I can see clearly now

I  look at my face in the mirror and think, this is how I am going to look for the rest of my life.

I wander into the bathroom late in the evening and start to wash my hands before I remember. I’m not going to touch my eyes.

As I climb into bed, my hands circle my face, but there’s nothing for them to grab.

I began wearing glasses when I was 6 years old and my first grade teacher noticed that I couldn’t see the blackboard. I remember being delighted that trees had individual leaves and were not just blobs of green.

The next time I saw my naked face in a mirror was a bit more than a decade later, when I began wearing contact lenses. A few days ago, I threw out all my contact lens paraphernalia. There’s a big empty space in the medicine cabinet that I don’t know what to do with.

All this is a backward way of saying that I’ve had cataract surgery in both eyes.

I know this is now a common procedure, and most everyone is happy with the results. Still, as a recovering myopic, I can’t help thinking this whole situation is special. It’s so about me.

I’m very visual; I notice a detail everywhere I am. I tend to be aware of my surroundings. My new vision, without cloudiness of cataracts and the yellowing of 64-year-old lenses, is so clear that the beauty I am used to seeing daily is multiplied. I can’t stop smiling. This is freedom.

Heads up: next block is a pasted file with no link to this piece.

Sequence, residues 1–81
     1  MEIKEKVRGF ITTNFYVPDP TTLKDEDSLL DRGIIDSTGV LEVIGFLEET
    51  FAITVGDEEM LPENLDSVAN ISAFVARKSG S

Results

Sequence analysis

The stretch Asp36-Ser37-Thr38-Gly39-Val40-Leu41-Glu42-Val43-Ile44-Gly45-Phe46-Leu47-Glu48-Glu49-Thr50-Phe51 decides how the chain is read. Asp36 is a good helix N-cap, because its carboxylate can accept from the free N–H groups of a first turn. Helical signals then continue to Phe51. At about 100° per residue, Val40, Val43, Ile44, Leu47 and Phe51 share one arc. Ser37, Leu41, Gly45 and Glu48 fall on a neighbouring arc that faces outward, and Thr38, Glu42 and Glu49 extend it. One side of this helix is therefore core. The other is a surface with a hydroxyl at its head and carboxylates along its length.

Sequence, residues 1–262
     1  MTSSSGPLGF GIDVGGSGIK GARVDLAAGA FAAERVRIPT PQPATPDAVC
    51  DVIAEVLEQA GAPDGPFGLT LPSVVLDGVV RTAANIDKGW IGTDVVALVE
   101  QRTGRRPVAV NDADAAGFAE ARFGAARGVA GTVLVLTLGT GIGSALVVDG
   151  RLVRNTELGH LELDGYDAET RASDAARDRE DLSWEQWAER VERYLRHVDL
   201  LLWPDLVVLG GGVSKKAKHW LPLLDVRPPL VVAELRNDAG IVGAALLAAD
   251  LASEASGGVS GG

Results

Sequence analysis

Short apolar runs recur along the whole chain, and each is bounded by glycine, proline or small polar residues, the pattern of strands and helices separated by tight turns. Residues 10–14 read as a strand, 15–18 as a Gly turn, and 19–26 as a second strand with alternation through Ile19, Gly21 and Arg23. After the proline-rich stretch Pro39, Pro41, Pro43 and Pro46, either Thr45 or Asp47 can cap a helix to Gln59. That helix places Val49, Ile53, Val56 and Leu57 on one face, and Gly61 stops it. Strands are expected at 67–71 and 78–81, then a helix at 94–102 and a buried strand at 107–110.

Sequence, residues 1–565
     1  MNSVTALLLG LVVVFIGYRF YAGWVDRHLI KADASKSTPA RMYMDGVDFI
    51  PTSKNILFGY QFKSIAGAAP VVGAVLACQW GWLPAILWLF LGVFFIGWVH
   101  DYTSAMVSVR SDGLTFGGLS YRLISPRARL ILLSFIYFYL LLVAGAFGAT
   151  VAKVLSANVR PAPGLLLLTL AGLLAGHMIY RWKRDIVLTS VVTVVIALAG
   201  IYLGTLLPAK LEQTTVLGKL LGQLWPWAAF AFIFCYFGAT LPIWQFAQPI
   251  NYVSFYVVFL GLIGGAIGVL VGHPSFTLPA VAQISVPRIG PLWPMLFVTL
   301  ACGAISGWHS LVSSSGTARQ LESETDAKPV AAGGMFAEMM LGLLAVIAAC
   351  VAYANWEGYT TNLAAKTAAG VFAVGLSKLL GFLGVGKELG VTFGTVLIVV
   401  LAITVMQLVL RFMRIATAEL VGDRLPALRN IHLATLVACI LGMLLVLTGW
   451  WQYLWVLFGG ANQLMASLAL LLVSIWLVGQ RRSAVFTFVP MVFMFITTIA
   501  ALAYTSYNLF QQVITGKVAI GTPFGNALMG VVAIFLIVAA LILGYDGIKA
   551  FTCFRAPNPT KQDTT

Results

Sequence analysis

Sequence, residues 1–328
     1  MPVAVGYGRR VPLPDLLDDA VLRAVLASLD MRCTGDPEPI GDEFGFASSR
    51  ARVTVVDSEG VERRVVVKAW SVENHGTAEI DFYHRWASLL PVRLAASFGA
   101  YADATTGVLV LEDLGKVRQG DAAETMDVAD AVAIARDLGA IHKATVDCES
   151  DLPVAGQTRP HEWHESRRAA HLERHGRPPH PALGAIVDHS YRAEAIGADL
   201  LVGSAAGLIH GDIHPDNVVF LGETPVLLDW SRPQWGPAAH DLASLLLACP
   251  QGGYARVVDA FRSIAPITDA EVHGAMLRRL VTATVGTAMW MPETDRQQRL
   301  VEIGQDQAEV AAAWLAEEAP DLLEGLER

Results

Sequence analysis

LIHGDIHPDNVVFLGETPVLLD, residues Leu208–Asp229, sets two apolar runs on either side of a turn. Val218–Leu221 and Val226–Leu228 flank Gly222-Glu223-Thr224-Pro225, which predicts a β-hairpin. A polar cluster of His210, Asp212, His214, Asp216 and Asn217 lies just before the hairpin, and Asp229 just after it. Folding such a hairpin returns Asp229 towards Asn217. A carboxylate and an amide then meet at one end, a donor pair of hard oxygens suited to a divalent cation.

This entry was posted in Gratitude, Happiness, Observations. Bookmark the permalink.

One Response to I can see clearly now

  1. Fran, I know EXACTLY what you’re experiencing. I had cataract surgery last year and I’ve never experienced such a dramatic change in vision. The first thing I noticed was colors…so bright…much louder and more intense than I remembered. Then I noticed how pale and wrinkled my face was. I thought I had a tan and soft wrinkles. Not so. The kitchen was better lighted as though someone had put in more powerful bulbs. I read my computer screen with no glasses. The wonderment lasted about three days and then my bright, clear vision was something I got accustomed to and it was hard to remember dull colors, dark rooms, and squinting my eyes to read small print…even with glasses. This surgery is so much easier than it was many years ago. We’re so lucky.
    PS It’s nice to be reading your post again.

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